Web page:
When training new teachers, we try to convey the importance of speaking simply. Simultaneously remembering a sequence, describing alignment, providing physical assists, and keeping an eye out for potential injuries before they occur is challenging even when extra words don't get in the way.
I like to think of my own teaching style as light on verbiage. I try to give students just enough guidance to move from pose to pose and allow them the space to explore what happens in their bodies and minds on their own terms. But at the same time I love words - and I am as susceptible as the next person of falling into "teacher speak." Just last week while working with a private client I caught myself saying, "Open your heart to the sky and extend through your fingertips." I thought nothing of it until he stopped, looked up, and said, "What?!"
"Um... Lift your right hand off the ground, turn your chest to face the side wall, and look toward the ceiling?" And just like that, he was in the pose.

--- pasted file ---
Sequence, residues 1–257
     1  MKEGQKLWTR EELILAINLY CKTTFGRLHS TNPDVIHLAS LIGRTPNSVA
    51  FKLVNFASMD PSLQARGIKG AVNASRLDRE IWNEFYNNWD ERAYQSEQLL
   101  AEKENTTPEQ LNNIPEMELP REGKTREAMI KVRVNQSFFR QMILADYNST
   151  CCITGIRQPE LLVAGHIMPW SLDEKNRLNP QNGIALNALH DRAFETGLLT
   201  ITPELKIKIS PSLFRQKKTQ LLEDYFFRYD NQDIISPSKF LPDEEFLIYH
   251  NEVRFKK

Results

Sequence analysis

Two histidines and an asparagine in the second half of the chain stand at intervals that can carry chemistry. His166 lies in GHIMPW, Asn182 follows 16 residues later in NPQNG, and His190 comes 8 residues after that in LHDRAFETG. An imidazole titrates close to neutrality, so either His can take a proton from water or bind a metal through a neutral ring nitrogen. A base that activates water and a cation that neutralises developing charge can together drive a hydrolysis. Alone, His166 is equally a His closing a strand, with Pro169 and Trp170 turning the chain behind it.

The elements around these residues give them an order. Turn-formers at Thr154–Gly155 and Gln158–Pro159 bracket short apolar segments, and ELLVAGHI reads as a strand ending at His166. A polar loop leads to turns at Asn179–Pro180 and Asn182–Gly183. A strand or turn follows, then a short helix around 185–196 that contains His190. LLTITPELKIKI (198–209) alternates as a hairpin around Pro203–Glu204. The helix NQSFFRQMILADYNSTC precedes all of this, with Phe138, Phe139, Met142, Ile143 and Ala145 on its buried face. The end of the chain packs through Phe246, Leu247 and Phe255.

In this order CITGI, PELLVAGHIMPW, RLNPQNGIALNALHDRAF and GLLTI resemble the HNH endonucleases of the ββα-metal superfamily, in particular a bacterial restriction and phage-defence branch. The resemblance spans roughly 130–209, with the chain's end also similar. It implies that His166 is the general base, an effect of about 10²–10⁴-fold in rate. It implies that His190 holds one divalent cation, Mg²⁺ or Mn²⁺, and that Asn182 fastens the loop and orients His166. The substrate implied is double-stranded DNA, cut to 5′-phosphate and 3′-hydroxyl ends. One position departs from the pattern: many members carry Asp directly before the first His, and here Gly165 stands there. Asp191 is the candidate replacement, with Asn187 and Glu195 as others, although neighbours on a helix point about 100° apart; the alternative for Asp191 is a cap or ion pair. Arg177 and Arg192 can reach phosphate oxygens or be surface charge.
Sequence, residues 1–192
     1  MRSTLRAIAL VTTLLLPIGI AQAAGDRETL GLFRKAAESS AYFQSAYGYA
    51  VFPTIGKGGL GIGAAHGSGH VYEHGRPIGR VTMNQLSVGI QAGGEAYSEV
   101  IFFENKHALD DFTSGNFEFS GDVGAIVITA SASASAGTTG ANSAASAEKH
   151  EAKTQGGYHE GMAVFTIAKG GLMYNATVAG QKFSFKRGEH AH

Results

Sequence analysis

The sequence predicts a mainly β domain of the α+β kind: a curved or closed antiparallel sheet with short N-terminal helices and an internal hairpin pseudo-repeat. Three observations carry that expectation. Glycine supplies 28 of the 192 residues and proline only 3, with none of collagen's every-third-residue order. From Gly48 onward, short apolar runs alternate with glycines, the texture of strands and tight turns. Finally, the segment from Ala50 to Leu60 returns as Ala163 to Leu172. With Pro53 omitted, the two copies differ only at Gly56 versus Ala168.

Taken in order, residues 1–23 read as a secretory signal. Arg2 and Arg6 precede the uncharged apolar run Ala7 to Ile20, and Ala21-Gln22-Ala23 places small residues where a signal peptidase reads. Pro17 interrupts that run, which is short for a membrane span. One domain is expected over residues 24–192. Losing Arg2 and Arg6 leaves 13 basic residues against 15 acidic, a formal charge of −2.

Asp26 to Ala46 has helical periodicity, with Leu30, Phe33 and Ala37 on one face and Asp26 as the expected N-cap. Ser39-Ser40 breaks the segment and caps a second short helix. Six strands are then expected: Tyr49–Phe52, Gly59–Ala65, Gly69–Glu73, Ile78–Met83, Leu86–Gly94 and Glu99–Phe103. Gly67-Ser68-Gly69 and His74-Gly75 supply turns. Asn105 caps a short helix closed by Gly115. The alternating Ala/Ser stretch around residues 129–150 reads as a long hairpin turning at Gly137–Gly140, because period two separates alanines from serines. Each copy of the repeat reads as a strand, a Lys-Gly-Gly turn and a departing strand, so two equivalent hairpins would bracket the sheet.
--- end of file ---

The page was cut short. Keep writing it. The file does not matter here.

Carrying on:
I realized that in my attempt to summon a specific image, I ignored the more critical act of explaining what needed to happen. For the rest of the hour, I lost the jargon and provided clear, concise instructions. My student followed the cues and - more importantly - experienced the poses in a way that resonated with him.
How often have we contributed to confusion - or escalated a tense situation - by not speaking clearly and with intention? Next time you need to share something important, can you pause, consider what you want to convey, and speak clearly? How might losing the jargon improve your ability to communicate?
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